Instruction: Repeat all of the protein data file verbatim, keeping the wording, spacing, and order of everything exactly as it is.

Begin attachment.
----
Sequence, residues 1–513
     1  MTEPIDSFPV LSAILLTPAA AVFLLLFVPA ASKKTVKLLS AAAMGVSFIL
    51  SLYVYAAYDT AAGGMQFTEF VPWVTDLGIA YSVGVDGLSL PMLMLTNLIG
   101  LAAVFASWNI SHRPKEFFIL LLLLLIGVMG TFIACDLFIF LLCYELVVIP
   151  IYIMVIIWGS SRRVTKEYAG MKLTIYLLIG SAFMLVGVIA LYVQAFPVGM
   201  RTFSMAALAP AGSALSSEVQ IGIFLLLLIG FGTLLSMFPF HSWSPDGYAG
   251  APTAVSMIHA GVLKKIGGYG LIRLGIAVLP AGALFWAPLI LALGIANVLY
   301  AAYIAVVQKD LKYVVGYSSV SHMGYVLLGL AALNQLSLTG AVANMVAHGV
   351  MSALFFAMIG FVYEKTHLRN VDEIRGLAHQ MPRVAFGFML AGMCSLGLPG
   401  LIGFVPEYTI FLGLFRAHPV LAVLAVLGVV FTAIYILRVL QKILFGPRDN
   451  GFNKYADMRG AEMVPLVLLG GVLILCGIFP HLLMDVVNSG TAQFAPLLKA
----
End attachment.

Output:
Sequence, residues 1–513
     1  MTEPIDSFPV LSAILLTPAA AVFLLLFVPA ASKKTVKLLS AAAMGVSFIL
    51  SLYVYAAYDT AAGGMQFTEF VPWVTDLGIA YSVGVDGLSL PMLMLTNLIG
   101  LAAVFASWNI SHRPKEFFIL LLLLLIGVMG TFIACDLFIF LLCYELVVIP
   151  IYIMVIIWGS SRRVTKEYAG MKLTIYLLIG SAFMLVGVIA LYVQAFPVGM
   201  RTFSMAALAP AGSALSSEVQ IGIFLLLLIG FGTLLSMFPF HSWSPDGYAG
   251  APTAVSMIHA GVLKKIGGYG LIRLGIAVLP AGALFWAPLI LALGIANVLY
   301  AAYIAVVQKD LKYVVGYSSV SHMGYVLLGL AALNQLSLTG AVANMVAHGV
   351  MSALFFAMIG FVYEKTHLRN VDEIRGLAHQ MPRVAFGFML AGMCSLGLPG
   401  LIGFVPEYTI FLGLFRAHPV LAVLAVLGVV FTAIYILRVL QKILFGPRDN
   451  GFNKYADMRG AEMVPLVLLG GVLILCGIFP HLLMDVVNSG TAQFAPLLKA